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I had a feeling it would happen to me, but not at a young age.

I was 37 years old when I was diagnose with stage 2 breast cancer. My mother had died of breast cancer 4 years before. My children were 5 and 8 and I really believed I was going to die. I had a mastectomy and then chemo. I always tried to keep a positive attitude to what was happening to me. I accepted the challenge God had send me, I was scared but I had lots of loving family around me. My mother-in-law was the angel God send me to look after me, she was there for me all the way. My dad gave me the moral support to not give up. My husband and my 2 loving children where my inspiration to continue on forward even when I felt I could not take all the nausea and aching pain in my body. Thank you God for hearing my plea to allow me to stay in this earth to see my children grow to adults.

It has being 8 years (this March 2009) that I was diagnose and I feel great. I always remind my sisters to check themselves and never miss a mammogram appointment. I have also explained and told my daughter that she needs to be on top of this herself.

I am grateful to have a loving and caring family they were great support for me while I was going through this frightening time of my life.

I believe joined together we can find a cure for this disease.

Chula Vista, CA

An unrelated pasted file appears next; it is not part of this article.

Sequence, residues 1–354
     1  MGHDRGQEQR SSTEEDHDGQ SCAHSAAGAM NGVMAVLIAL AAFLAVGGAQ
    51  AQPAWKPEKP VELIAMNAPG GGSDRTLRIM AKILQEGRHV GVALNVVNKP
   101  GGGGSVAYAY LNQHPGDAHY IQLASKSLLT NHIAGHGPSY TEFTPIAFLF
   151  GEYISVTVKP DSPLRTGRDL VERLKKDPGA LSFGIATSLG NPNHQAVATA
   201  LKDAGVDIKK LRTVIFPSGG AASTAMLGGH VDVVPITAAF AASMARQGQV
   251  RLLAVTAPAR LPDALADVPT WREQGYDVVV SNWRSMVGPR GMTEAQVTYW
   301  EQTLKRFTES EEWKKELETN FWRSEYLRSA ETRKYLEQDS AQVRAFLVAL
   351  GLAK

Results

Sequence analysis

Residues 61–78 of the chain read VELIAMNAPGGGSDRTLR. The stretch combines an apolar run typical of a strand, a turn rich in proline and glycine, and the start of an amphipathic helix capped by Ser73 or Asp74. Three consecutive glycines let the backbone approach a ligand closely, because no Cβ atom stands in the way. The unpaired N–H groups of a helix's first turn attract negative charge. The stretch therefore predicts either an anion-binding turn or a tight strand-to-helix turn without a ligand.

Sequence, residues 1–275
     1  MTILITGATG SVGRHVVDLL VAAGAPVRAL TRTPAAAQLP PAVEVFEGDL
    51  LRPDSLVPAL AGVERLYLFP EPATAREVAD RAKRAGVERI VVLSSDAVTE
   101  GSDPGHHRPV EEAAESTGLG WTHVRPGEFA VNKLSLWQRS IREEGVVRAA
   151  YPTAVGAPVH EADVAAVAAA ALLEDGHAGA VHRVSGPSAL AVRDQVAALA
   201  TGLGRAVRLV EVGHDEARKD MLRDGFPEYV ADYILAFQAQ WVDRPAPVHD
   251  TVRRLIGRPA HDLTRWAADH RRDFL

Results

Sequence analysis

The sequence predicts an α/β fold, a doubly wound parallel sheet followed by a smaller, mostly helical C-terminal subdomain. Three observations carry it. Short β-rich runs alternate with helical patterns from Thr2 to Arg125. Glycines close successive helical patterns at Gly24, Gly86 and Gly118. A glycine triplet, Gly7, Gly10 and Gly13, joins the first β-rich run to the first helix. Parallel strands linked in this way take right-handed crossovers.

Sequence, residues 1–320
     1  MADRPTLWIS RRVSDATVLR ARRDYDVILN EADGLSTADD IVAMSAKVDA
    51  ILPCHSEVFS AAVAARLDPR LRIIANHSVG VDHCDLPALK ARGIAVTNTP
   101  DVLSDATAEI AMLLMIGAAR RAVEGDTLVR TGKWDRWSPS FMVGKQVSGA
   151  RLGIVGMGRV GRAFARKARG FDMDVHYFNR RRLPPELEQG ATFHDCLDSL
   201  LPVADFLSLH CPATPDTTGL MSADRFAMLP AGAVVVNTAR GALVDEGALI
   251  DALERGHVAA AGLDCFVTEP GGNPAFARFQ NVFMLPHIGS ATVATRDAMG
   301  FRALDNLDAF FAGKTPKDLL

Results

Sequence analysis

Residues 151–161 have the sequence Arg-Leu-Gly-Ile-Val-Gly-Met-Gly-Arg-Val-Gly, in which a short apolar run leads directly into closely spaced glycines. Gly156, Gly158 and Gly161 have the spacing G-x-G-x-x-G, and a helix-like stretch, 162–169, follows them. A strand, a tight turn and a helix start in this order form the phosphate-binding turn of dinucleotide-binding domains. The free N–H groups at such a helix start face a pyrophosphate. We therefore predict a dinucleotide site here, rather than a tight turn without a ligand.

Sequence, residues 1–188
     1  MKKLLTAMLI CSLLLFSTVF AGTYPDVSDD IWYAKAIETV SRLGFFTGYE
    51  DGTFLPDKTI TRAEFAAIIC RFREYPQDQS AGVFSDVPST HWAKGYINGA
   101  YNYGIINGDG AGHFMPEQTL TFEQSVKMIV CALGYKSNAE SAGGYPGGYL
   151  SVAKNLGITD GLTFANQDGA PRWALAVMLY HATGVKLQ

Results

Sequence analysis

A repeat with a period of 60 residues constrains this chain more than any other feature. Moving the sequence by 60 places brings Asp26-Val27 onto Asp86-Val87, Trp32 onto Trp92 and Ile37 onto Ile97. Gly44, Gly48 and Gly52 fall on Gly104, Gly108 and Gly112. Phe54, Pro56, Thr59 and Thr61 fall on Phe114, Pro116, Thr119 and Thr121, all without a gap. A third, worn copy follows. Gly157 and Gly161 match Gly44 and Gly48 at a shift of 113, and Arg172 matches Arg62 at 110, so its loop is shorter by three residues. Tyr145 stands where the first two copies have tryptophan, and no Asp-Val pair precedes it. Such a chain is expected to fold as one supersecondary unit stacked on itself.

There is this disease that mimicks Breast Cancer and it is called SMOLD. If you are a smoker, you need to know this information. Squarmous Metaplasia of Lactiffus ducts. It will rock your world and not in a pleasant way. Most doctors don't know about the disease. Because of the signs and symptoms they will evaluate the patient and schedule the patient for a mascetomy after nomal evaluation and testing. My story begins when I was 27. Young and recently married, I was suddenly struck with a pain in my breast. I went to the doctor the following day and he said you are fine. Nothing to worry about. Two months later I was in for my first surgery. Then several months later my second surgery. After seeking the advice and expertise of several doctors there was one conclusion. Have a mascetomy. I refused and forged on. I am a wife and Mother of twins. I could not follow thier advice. I wanted to keep my breast. Even with the scars. It took 12 years for a doctor to diagnose me correctly and what I had been living with was SMOLD. I have sat in the waiting rooms of cancer patients and have seen thier saddness. I have had my share of the mammograms, sonogams and biospies. Please ladies be serious of your breast health and get your mammogram! So, I may not be a survivor of cancer but I an a survivor of SMOLD. In the upcoming years there will be more information of this disease but for now please take my advice and treat your twins with the same care you would your children. Your life depends on it.